1

blow

verb \ ˈblō \
Updated on: 28 Feb 2018

Definition of blow

blew play \ˈblü\; blown play \ˈblōn\; blowing
1 a of air
(1) : to be in motion
  • A breeze blew gently.
(2) : to move with speed or force
  • The wind was blowing.
b : to move or run quickly
  • The linebacker blew past the tackle.
2 : to send forth a current of air or other gas
  • Don't blow on your soup.
3 a : to make a sound by or as if by blowing
  • hear the train blow
b of a wind instrument : 2sound
  • a horn blowing
  • waiting for the whistle to blow
4 a : boast
  • blowing about his accomplishments
b : to talk windily
5 a : pant, gasp
  • The horse blew heavily.
b of a cetacean : to eject moisture-laden air from the lungs through the blowhole
  • heard a whale blow nearby
6 : to move or be carried by or as if by wind
  • just blew into town for the weekend
7 a : erupt, explode
  • The bridge was about to blow.
  • The windows blew out in the explosion.
b : to become damaged or destroyed as a result of an electrical overload
  • The fuse blew.
  • A Western Massachusetts Electric Company power substation blew yesterday afternoon, cutting power for 90 minutes to more than 9,100 customers …
  • —Patrick Johnson
c of a tire : to release the contained air through a spontaneous rupture usually used with out
  • blew out a tire
8 US slang, sometimes vulgar : to be extremely bad in quality or execution : suck, stink
  • So how come this oddball dramedy … never received a U.S. theatrical release … !? Oh, yeah, it blows.
  • —Bruce Fretts
1 a : to set (gas or vapor) in motion
  • The fan blew hot air on us.
b : to act on with a current of gas or vapor
  • The breeze blew my hair dry.
2 a : to play or sound on (a wind instrument)
  • blow their horns
b : to play (something) on a wind instrument
  • blow a tune
3 a : to spread by report
  • … through the court his courtesy was blown
  • —John Dryden
b past participle blowed play \ˈblōd\ : damn
  • blow the expense
4 a : to drive with a current of gas or vapor
  • The storm blew the boat off course.
b : to clear of contents by forcible passage of a current of air
  • blow your nose
c : to project (a gesture or sound made with the mouth) by blowing
  • blew him a kiss
5 a : to distend with or as if with gas
  • blow a balloon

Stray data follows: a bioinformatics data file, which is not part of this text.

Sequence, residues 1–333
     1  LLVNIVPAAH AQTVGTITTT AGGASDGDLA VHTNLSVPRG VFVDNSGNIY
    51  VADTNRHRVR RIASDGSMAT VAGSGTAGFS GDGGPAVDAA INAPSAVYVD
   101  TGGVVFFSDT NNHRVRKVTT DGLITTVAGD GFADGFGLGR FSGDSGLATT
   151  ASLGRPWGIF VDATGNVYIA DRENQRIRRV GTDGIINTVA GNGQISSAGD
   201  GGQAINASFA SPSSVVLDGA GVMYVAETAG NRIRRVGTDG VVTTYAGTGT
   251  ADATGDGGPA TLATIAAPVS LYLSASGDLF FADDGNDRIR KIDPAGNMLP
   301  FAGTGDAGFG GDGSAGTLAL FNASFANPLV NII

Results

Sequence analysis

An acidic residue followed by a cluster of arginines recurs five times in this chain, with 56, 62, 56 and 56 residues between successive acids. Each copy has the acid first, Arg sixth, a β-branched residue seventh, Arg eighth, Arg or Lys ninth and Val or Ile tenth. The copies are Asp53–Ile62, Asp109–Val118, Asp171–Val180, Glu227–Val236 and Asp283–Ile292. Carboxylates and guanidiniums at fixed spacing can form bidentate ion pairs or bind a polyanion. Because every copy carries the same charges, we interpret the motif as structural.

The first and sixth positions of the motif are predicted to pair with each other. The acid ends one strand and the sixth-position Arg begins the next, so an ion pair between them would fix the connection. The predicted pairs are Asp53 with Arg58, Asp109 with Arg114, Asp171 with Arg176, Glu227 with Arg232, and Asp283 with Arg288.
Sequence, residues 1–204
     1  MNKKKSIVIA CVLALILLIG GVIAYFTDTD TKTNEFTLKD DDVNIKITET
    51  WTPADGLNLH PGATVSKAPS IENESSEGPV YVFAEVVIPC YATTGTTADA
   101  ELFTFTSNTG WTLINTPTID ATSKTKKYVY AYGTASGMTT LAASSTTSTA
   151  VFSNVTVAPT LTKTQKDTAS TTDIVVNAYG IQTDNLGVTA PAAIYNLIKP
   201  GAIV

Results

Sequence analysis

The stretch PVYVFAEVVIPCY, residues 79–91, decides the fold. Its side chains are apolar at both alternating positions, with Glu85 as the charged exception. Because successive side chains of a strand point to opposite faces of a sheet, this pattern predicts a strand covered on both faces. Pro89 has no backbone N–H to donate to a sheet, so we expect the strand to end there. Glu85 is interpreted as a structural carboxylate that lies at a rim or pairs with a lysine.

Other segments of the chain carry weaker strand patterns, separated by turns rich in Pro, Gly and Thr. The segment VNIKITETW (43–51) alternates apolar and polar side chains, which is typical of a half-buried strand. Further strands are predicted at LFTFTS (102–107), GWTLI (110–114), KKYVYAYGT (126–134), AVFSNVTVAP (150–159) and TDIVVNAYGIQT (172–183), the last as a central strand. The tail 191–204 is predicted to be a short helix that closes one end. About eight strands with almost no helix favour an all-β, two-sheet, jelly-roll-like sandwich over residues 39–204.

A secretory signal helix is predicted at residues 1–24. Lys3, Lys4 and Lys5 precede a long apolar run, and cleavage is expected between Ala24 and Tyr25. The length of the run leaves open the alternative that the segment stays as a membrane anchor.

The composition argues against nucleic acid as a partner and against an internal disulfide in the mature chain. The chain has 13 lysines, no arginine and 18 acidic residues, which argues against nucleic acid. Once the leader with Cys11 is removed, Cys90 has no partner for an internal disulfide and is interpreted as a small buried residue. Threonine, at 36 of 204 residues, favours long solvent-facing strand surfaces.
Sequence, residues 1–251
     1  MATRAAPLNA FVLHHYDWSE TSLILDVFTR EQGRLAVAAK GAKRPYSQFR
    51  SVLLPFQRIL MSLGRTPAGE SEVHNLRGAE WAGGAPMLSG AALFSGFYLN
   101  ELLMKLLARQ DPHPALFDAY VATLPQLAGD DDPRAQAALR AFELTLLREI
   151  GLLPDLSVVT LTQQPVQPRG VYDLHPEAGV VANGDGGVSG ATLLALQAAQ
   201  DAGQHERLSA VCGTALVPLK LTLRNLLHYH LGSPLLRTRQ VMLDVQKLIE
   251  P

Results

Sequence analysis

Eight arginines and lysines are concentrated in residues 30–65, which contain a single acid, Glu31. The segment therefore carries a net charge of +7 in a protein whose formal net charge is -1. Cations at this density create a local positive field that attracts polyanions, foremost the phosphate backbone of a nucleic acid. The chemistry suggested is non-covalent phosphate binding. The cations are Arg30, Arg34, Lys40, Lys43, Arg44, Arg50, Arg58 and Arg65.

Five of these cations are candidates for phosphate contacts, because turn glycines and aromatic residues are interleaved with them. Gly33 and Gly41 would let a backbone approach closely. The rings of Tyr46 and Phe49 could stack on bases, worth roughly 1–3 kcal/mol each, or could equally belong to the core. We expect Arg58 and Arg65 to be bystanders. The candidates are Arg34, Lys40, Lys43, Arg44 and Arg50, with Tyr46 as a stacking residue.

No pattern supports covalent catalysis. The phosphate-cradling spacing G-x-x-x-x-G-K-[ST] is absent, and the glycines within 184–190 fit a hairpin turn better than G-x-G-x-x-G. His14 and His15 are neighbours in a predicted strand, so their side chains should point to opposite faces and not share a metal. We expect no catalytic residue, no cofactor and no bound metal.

b : to produce or shape by the action of blown or injected air
  • blowing bubbles
6 of insects : to deposit eggs or larvae on or in
  • wounds blown by flies
7 : to shatter, burst, or destroy by explosion
  • blow the safe open
8 a : to put out of breath with exertion
  • Take care not to blow the horses.
b : to let (an animal, such as a horse) pause to catch the breath
  • paused to blow the horses
9 a : to expend (something, such as money) extravagantly
  • blew her allowance on a pair of jeans
b : to treat with unusual expenditure
  • I'll blow you to a steak.
10 : to cause (a fuse) to blow
  • blew a fuse
11 : to rupture by too much pressure
  • blow a seal
12 a : botch 1
  • actors blowing their lines
b : to fail to keep or hold
  • They blew a big lead.
c : to lose or miss (an opportunity) because of mistakes or poor judgment
  • blow a chance to make a good impression
13 : to leave hurriedly
  • blew town
14 : to propel with great force or speed
  • blew a fastball by the batter
15 US, informal : to drive or speed through or past (a traffic signal or stop sign) without stopping
  • He blew several red lights and stop signs before smashing into a pole and a fence, cops said.
  • —Jessica Simeone et al.
blow a gasket
: to become enraged
blow hot and cold
: to be favorable at one moment and adverse the next
blow off steam
: to release pent-up emotions
blow one's cool
: to lose one's composure
blow one's cover
: to reveal one's real identity
blow one's mind
: to overwhelm one with wonder or bafflement
  • an idea that's sure to blow your mind
blow one's top or blow one's stack
1 : to become violently angry
2 : to go crazy
blow smoke
: to speak idly, misleadingly, or boastfully
blow the whistle